I have a history of psychiatric disorder – anxiety and depression – that did not respond well to the usual treatments, until a psychologist (thank you, Daniel Flynn) proposed a diagnosis of Asperger syndrome. This is a part of the autism spectrum and came as a surprise to me because I thought I knew what autism was, and I have relatives with a diagnosis. Asperger syndrome provided me with an explanatory framework that suddenly made sense of so many aspects of my current life difficulties and of my life history, an explanation that has been a blessing.
I, like other people with autism, have impaired communication skills (including reading other people’s body language and clues like their tone of voice), impaired social skills (it is hard for me to make and to maintain friendships) and impaired social imagination (I am excessively attached to comfortable routines and my own intense interests). These three, highly medical, impairments define ‘autism’, but of much greater importance to my life is that I am very sensitive to distracting noises and distracting visual textures, and my life is driven by anxiety and my efforts to avoid anxiety – including avoiding social settings. Some of these parts of my character and neurology mean that I cope well with some situations and yet have immense difficulty with other, similar-looking situations. For instance, I can deliver a prepared lecture in front of an audience, but an evening of unscripted social interaction at a party can take a couple of days to recover from. I can concentrate on a task for many hours to the exclusion of everything else, but get so distracted by lights and noise that I leave shops without buying anything. I would never intentionally hurt or offend anyone, but occasionally make inappropriate comments or jokes without realising their impact on other people.
People with autism ‘look’ normal, so our problems create invisible disability. Subtle differences from ‘normal’ sometimes result in unconscious hostility, and because the hostility towards our differences from expected behaviour is felt at a subconscious level, it discomfits others. We are more often the targets of verbal and physical aggression, whether that comes from merry-makers outside bars, or from authority figures. We were the first to be picked on by bullies and over-zealous teachers at school and we remain the targets of angry people in crowded places, or of grumpy airport security staff on bad days.
The pressure to conform and to maintain social relationships takes a huge conscious effort – we don’t feel situations and relationships intuitively, but have to work at them. We think through situations and try to anticipate and rehearse all the possible outcomes, but real life never follows any script. We try to understand motives when people’s behaviour and words don’t seem to match, even when there was no motive (leading to some unfortunate and occasionally hilarious misunderstandings). The consequences of trying to second-guess people and their behaviours are constant anxiety, mental and physical exhaustion and depression. The fear of rejection is constant, based on both the real experience of past hurts and the perceived alienation and exclusion from ‘normal’ society. Mental illness is very frequent amongst adults on the autism spectrum and may be diagnosed before autism is ever suspected. Approximately two thirds of adults with autism are treated for depression or anxiety, with psychosis and obsessive-compulsive traits being commonplace. A lot of the character of people with autism naturally includes unusual thinking patterns and repetitive thoughts and behaviours, so there is nothing to treat in most cases and there is a risk of inappropriate drug therapy.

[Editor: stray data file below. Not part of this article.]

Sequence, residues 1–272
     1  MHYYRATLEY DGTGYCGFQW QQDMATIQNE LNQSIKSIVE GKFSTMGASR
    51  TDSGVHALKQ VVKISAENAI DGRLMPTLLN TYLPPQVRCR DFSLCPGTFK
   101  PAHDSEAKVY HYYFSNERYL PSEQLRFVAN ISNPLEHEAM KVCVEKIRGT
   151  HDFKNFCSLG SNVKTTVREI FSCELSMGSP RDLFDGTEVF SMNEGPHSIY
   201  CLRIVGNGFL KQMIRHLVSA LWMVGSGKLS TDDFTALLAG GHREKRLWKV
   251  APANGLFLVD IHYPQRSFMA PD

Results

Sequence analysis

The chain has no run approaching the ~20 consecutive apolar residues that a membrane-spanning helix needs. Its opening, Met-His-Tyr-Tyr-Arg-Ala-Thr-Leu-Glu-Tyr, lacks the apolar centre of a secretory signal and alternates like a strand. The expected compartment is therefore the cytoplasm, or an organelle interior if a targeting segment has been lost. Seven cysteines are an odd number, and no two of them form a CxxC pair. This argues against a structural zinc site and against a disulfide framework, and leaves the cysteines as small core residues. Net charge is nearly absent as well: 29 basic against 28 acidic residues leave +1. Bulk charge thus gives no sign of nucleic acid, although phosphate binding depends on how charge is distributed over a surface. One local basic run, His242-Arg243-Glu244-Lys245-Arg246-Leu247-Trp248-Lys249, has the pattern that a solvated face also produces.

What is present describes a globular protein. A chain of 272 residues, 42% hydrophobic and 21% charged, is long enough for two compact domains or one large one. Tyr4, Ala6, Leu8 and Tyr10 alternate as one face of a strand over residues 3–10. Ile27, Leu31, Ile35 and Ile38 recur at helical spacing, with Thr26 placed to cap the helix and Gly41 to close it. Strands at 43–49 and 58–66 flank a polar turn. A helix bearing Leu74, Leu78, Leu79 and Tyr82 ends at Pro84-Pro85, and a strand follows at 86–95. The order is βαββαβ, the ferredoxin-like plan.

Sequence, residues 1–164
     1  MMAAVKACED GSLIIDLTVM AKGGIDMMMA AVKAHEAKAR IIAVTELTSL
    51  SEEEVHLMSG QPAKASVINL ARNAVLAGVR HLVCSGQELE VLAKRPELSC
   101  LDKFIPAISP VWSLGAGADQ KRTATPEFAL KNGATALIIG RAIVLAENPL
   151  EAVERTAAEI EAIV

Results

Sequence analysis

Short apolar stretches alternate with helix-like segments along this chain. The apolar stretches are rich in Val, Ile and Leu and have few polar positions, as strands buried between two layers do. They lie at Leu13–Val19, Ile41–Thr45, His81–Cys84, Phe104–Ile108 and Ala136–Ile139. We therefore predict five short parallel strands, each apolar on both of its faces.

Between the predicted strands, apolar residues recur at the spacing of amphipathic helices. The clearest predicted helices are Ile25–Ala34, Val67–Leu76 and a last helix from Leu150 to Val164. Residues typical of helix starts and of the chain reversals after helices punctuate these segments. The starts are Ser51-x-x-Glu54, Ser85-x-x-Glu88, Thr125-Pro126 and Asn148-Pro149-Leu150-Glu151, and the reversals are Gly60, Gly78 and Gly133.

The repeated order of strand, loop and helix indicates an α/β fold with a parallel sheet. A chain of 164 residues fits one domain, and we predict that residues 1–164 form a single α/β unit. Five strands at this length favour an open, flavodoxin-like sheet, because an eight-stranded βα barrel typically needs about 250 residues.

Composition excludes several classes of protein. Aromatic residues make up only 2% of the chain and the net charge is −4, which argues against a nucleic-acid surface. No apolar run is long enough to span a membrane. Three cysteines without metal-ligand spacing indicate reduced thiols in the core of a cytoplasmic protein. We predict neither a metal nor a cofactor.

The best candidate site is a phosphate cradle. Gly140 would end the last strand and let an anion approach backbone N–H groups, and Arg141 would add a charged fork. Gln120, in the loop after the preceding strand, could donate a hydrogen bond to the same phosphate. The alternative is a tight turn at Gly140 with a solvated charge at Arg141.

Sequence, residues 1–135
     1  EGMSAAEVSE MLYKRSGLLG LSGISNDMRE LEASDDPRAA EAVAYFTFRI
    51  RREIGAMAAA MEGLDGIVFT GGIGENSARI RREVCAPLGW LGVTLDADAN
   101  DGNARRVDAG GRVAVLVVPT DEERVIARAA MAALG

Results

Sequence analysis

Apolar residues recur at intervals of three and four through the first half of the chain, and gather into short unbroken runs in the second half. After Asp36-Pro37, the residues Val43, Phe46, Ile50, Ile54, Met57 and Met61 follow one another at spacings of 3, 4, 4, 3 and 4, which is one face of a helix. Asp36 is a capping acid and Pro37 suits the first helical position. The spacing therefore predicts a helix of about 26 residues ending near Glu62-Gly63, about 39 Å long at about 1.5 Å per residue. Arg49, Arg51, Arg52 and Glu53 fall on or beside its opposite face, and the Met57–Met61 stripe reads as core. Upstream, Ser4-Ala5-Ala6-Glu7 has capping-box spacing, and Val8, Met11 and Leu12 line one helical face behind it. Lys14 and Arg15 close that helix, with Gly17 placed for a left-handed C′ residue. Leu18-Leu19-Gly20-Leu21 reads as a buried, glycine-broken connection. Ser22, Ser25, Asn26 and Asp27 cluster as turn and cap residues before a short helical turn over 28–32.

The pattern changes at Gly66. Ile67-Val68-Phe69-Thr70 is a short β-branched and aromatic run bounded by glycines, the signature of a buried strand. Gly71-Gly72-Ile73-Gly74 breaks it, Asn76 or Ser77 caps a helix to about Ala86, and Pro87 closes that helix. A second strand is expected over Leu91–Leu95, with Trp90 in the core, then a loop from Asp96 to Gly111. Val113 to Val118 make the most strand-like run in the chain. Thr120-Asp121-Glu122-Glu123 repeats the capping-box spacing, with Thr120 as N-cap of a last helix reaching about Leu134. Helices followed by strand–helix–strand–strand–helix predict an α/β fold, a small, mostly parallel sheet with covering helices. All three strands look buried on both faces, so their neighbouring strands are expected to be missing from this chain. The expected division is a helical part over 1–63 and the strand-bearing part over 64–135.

Since ‘coming out’ with autism, many people with autism or who live with people with autism have related similar experiences of the world. Some parents have told me that my explanations of my own experiences and behaviours have helped them to understand the behaviours of their own children, which had been puzzling or frustrating because their children (of all ages) could not articulate their own experiences of the world. Despite the wide range of the autism spectrum, many elements are a shared experience.
‘Aspect’, the A.S. Support Service in Cork, has been incredibly supportive in understanding the diagnosis that I have been given. They have provided a range of services that have helped me recognize difficulties that result from autism (and just as importantly, distinguishing other difficulties – the kind that everyone has – that do not result from autism). Identifying distracting noises, lighting and smells has helped me recognize when the anxiety that I feel in shops and other public places is purely an emotional response to the physical environment, and not based on the people around me, or on hostile attitudes towards me. The world has actually become a kinder, more tolerant place to move around in.
And yet every human craves human contact and human validation of our existence and our achievements. No pet, hobby or intense pursuit can ever replace a social network of some form. As the poet John Donne wrote:
“Everyone is a piece of the continent, a part of the main. If a clod be washed away by the sea, Europe is the less.”
People with autism need social contact just as much as anyone else, but the social awkwardness and pain of intense human contact drives others away and prevents us from making and maintaining friendships. Many people with autism are intensely solitary, and yet they often gravitate towards the places where there are other people. Sometimes just sitting in the same room is enough.
Stuart Neilson lectures in the new Certificate in Autism Spectrum Studies at University College Cork and is a co-author of “Living with Asperger syndrome and autism in Ireland” (available from amazon.co.uk/dp/1493537199)